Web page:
Conversation With North Texas African American Law Enforcement Leaders

NBCUniversal, Inc.

Four police leaders in North Texas who identify as African American – Dallas County Sheriff Marian Brown, Dallas Police Chief Renee Hall, Denton Police Chief Frank Dixon and Plano Police Chief Ed Drain – experience an interesting crossroads of law enforcement and life.

“I was born in 1960 and I grew up in East Texas,” Drain explained. “I went to segregated schools when I was in primary school and the environment that I grew up in… I understand racist policing and I can understand why people would be frustrated.”

“You’re talking about the challenge of being both Black and blue,” Brown said. “Yes, in being African American, there are people who say you are a traitor because you are a part of the system, and they fail to realize that if you don’t have a voice at the table, then you have no representation.”

“Being African American and having a seat at the table, understanding the need for diversity and inclusion to make sure our voices are heard and continuing to make the changes that need to be made,” Hall said.

“There are those in the blue [police] community who say ‘well, if you say Black lives do matter,’ they say, ‘well, are you betraying us as brothers and sisters in blue?’ It’s a very peculiar situation to be in,” Brown added. “We are kind of between a rock and a hard place if you will.”

There is an intersection that cannot be ignored in being a law enforcement leader and having lived the Black experience.

“The intersection never stops,” Dixon said. “To this day as a police chief, when I get ready to go out for a run in my neighborhood, I worry about not having my headphones up too loud so that I can’t hear what’s going on around me – where am carrying my phone when I am running? Do I have ID on me and are people going to call police if there is a strange guy running through their neighborhood? And that’s today in 2020 and I’m a chief of police.”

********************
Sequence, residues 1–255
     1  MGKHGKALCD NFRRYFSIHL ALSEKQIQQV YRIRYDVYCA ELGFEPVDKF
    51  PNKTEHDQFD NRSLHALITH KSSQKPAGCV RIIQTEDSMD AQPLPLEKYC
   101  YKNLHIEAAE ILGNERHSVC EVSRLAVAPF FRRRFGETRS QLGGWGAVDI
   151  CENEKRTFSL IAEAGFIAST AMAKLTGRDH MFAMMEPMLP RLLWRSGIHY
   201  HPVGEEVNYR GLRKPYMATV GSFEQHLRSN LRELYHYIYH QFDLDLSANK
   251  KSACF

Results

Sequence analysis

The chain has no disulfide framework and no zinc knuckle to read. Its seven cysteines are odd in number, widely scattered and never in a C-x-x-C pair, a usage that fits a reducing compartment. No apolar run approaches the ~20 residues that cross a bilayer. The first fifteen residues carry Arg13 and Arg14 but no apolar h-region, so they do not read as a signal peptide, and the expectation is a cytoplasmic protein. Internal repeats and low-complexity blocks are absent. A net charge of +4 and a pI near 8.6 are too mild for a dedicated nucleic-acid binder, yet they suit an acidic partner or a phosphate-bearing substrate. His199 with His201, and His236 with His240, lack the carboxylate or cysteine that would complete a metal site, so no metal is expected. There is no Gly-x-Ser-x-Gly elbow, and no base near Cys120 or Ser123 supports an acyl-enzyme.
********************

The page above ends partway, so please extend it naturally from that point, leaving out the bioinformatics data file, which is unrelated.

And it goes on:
They condemn officers who have not performed duties with integrity and honor.

“Contrary to popular belief, good cops are not protecting bad cops. We do not want them in this profession any more than anyone else does,” Dixon said.

“Police officers have to have due process when they have used force and when it is looked at by the department or by the district attorney’s office and we can’t just go by what we see on the video,” Drain said. “Police officers like everyone else are entitled to due process.”

They also find themselves in the position to lead and serve as role models.

“Our goal moving forward is that we provide an opportunity and a seat at the table for everyone who has an idea about what policing should look like,” Hall said.

“It was a chance for me to bridge a gap between communities. Between law enforcement and the community as a whole, but especially the African American community – my own community,” Brown said.

Contact Us